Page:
It’s no secret that teenagers are not always forthcoming with information. It’s nothing to take personally. In fact, it’s developmentally appropriate in most cases. However, teens are often reporting things in the therapy room that they wish their parents knew, yet they hesitate to share with them.
While we he work with teens daily, we didn’t want to make assumptions of why this is. Instead, we headed to Instagram. We used the social media platform asked teens to write to us about why they don’t talk to or share things with their parents. Below are the top three reasons voiced by teens and our advice to parents to combat them.
1. I don’t want to “burden” them, or make them “more stressed” or “worried.”
Your teen has way more empathy and care for you than you would know based on their constant eye-rolls and annoyance of your existence. They are also aware of the immense love you have for them, and know that if they are hurting, so are you. The teens that share this as a reason for omitting information to their parents, are usually the sensitive and perceptive type. They are also often the perfectionist that irrationally believes they should be able to handle anything and everything all by themselves.
What Parents Can Do
- Limiting your child’s exposure to your stress. Instead, share problems and strong emotions with friends or a significant other.
- Reminding your teen that YOU are the parent and YOU can handle BOTH your own feelings and problems, as well as theirs. Even if it takes a village behind you 🙂
- Making statements such as: “If you’re not ok, neither am I;” “I don’t know what I would do if you X,Y,Z.” Such statements can make kids feel responsible for their parent’s feelings. It can also make them feel hopeless, since even their parents don’t know what to do about their problem.
2. They may not understand and shut you down.
“You don’t understand.” This is the age-old phrase recited by teens to their parents. The truth is, parents often really don’t understand, and that’s okay. Parents don’t need to understand to be able to listen and support, which is what they are really asking of you.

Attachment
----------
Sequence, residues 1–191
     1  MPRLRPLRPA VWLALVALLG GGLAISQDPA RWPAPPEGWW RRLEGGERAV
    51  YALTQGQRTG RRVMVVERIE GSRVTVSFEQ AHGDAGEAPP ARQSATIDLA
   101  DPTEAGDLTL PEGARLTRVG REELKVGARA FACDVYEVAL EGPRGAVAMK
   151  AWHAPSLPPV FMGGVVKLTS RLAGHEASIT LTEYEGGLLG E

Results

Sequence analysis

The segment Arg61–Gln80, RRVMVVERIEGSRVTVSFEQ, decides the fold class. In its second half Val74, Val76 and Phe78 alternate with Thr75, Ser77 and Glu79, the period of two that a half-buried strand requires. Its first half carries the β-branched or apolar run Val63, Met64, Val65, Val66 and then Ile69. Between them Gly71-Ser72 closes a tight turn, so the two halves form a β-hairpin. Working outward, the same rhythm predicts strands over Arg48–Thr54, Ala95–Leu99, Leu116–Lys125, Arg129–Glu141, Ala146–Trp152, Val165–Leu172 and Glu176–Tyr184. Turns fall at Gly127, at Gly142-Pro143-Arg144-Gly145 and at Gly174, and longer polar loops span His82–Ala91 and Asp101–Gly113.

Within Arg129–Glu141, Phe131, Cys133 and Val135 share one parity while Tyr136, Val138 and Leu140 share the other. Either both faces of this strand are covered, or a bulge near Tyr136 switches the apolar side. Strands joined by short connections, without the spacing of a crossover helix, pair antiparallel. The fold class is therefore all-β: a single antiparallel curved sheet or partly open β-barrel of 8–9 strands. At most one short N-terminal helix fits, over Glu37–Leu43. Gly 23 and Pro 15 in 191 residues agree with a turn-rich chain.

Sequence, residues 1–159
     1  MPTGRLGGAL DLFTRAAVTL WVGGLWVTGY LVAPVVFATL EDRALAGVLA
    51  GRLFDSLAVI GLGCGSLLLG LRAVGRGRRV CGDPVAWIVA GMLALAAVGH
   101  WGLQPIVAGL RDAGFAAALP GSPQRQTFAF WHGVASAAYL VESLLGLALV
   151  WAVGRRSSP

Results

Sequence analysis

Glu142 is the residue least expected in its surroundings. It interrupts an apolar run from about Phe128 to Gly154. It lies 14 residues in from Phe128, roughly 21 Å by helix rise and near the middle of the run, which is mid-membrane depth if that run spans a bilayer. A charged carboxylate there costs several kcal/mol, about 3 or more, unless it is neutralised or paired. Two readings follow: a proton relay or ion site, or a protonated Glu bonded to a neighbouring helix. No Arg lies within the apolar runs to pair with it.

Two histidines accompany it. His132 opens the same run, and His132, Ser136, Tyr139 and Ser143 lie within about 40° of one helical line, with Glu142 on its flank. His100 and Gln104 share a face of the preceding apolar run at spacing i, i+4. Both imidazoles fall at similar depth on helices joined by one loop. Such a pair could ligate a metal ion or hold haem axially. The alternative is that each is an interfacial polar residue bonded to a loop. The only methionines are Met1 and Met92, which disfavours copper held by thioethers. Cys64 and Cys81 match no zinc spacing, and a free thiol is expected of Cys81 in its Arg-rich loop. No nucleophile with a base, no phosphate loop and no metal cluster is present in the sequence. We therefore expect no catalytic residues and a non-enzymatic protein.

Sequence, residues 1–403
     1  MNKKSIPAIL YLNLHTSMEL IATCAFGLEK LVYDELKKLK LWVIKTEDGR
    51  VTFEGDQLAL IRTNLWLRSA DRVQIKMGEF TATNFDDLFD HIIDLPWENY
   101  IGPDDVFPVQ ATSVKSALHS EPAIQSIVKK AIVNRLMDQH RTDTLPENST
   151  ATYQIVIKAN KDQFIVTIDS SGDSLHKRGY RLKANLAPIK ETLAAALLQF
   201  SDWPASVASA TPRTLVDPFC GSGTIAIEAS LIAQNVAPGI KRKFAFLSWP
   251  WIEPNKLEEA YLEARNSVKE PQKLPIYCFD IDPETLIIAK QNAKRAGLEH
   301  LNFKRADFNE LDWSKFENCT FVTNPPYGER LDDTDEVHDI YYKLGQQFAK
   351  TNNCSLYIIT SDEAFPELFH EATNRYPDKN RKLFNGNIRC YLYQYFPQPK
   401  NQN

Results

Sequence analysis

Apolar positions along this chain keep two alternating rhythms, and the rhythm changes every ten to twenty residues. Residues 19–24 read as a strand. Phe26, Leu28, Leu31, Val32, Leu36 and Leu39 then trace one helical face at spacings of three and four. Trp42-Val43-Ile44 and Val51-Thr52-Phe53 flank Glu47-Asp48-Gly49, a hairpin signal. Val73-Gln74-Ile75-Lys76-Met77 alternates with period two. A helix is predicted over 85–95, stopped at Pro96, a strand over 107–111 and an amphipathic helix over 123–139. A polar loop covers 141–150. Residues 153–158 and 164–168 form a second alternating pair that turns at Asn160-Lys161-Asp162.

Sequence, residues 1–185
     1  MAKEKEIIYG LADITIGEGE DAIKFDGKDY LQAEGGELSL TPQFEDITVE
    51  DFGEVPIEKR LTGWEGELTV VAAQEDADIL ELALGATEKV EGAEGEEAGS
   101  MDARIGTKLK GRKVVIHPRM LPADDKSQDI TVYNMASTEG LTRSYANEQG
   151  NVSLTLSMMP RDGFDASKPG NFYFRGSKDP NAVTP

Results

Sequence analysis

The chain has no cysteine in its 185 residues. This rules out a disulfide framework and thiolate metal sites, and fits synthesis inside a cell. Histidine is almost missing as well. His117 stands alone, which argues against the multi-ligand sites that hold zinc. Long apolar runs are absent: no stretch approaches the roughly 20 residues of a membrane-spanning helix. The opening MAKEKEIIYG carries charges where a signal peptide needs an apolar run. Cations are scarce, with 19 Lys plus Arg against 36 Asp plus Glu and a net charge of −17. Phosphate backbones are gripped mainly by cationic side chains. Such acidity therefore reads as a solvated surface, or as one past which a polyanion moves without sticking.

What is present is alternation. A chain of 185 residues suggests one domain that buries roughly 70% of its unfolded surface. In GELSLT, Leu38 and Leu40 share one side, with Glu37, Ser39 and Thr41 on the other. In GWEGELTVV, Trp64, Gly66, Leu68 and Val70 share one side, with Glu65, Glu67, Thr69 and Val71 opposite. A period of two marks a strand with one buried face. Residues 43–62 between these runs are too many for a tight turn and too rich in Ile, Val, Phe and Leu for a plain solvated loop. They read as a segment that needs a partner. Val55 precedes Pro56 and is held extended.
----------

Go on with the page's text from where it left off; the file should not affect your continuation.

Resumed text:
What Parents Can Do
- Reflecting and validating their feelings (e.g. “That sounds like a tough situation” or “I’m sorry you’re in so much pain right now”)
- Keeping your cool no matter what information is shared
- Invalidating or minimizing your teen’s feelings or problems (e.g. “It’s no big deal” or “They were a bad friend anyways”)
- Judgement. This includes judgement of their friends; even if your teen is upset with them. Remember, they probably will make up with this friend at some point. Knowing that you do not like the friend will lessen the likelihood that they share things involving that friend in the future.
- *Mentioning that they are a teenager.* Teens already feel like no one takes them seriously because they aren’t yet adults. Reminding them of such is often a trigger for a shutdown.
3. I don’t want to get in trouble.
No one enjoys facing negative consequences. Not a two-year-old.. not an eighty-year-old. Nonetheless, the teenage years are filled with risk taking where negative consequences often ensue. So, how do you convince them they should reveal something they may get in trouble for?
What Parents Can Do
- Letting them know that a consequence will always be harsher if they aren’t upfront or honest about it
- Being open to letting your child explore and make mistakes: as long as they are safe
- Overly harsh punishments where the consequence is not related to the act. We promise you, they will just get better at hiding what they are doing rather than stop doing it if the consequence has no correlation to the act
Vulnerability is not easy, and can be even more difficult for a teen navigating building independence and identify. If you suspect something is going on and your teen isn’t talking, it may be a good time to find a therapist your child can connect to. The therapist can help make sure the teen is safe, as well as improve communication patterns between the two of you.